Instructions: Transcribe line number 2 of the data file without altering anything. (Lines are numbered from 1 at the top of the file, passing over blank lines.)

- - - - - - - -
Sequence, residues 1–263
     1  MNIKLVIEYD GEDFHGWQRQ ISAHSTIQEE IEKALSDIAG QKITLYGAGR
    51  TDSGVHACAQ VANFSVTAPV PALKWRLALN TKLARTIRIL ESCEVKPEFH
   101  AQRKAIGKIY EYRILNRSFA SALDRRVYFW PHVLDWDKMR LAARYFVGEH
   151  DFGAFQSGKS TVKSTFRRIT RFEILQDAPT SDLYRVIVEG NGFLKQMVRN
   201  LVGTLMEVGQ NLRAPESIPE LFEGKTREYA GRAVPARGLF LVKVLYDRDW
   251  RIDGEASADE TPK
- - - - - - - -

     1  MNIKLVIEYD GEDFHGWQRQ ISAHSTIQEE IEKALSDIAG QKITLYGAGR